In the 1970's Producers decided to make a change by canceling shows they deemed "unsophisticated" in favor of shows with a more urban flair. By this time most people were getting their news from television and there was a lot of news to be reported on. This continued on into the 1980's. What didn't continue was the popularity of sitcoms, as people became more interested in watching the lives of the rich and fabulous, forgetting their own lives. As Keeping Up with the Kardashians continues onto its 11th season we can see that that trend has yet to die. When people did watch sitcoms they usually centered on family comedy. This trend, however, did not last forever because by the 90's, although there were some notable family comedies in the early 90's like Full House, people became more interested in watching shows about the young and single.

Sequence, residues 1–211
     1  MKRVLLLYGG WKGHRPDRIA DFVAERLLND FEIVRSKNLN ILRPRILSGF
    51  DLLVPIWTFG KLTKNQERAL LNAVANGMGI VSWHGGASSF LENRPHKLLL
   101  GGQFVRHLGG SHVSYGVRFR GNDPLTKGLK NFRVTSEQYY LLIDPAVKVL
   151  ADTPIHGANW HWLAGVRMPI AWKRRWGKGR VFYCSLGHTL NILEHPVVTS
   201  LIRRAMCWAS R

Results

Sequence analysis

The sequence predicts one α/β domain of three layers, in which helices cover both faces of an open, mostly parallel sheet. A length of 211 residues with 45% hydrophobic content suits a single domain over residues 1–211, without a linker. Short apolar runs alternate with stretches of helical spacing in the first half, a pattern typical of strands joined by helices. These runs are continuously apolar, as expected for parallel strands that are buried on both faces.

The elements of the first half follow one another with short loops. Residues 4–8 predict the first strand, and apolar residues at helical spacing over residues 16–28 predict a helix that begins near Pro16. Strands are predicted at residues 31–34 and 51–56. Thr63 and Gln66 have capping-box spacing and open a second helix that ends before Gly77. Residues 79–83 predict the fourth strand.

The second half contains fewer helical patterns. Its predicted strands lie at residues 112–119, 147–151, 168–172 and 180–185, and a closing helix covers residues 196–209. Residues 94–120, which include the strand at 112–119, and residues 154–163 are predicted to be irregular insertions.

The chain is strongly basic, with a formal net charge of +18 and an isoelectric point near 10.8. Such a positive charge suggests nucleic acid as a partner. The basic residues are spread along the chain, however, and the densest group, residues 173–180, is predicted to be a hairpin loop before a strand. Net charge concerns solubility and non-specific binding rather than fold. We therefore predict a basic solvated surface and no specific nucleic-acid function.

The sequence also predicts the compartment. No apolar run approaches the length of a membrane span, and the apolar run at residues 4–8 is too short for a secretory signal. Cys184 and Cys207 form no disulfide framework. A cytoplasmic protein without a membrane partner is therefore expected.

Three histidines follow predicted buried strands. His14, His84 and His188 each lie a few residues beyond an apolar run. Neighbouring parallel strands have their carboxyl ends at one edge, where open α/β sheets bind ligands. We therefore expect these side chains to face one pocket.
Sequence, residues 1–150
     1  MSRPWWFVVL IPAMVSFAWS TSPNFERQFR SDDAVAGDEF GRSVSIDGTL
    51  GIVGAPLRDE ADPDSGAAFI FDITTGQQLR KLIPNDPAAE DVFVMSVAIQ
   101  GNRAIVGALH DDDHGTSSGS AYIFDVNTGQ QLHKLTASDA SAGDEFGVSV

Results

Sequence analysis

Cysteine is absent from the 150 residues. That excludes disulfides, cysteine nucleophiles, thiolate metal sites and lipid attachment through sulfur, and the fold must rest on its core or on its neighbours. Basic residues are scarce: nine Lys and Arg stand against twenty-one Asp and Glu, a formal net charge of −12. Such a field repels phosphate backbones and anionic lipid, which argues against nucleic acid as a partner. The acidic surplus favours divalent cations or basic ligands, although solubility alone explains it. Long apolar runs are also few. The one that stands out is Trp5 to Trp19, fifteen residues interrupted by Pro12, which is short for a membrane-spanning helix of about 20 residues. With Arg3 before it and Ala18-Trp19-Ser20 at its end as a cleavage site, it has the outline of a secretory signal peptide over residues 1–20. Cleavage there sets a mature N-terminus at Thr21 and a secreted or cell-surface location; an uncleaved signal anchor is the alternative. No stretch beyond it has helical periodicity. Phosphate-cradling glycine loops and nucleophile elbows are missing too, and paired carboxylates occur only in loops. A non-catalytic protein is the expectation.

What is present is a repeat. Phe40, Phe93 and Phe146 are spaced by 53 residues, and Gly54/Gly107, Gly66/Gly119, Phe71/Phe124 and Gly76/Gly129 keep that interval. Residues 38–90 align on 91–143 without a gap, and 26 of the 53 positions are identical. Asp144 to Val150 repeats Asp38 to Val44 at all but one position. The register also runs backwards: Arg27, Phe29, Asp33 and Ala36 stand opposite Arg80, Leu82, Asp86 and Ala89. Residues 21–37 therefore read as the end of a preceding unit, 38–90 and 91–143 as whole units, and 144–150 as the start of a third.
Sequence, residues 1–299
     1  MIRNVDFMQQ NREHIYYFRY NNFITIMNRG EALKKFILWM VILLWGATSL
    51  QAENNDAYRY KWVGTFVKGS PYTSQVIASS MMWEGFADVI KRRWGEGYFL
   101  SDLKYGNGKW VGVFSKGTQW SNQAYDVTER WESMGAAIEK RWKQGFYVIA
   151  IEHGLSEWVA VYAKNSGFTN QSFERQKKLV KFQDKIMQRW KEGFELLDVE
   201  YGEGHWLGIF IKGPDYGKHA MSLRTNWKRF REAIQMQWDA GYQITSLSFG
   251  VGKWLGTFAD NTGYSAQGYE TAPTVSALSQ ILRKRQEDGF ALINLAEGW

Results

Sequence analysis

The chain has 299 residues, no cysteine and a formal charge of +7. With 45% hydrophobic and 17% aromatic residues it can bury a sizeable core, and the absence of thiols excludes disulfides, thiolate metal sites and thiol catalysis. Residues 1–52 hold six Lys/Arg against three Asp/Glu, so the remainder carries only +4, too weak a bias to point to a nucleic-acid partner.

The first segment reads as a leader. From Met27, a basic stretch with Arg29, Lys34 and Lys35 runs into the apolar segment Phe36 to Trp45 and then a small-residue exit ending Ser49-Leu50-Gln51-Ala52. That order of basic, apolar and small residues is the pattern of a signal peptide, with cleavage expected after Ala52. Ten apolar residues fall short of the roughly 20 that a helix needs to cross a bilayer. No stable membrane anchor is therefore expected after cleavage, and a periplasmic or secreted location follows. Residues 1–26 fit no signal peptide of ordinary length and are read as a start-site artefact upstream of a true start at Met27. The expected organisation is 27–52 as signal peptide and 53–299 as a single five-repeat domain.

TV shows like Friends became all the rage, even though some of the lines it crossed would have ended careers a decade previous. A CNN article from 2003 discussed why Friends had become so popular and how to recreate its success. The article proposes that there are two types of popular shows; shows are either star-driven or concept-driven. When Friends first aired and the concept of a show about a group of young unmarried individuals trying to make their way around the big city was relatively new and appealing to the viewers. At that point, although Friends didn't have a lot of star power it became popular because it was concept driven. By the end of its run the concept was no longer novel but viewers had become so attached to the characters and actors that it remained popular because it was star-driven.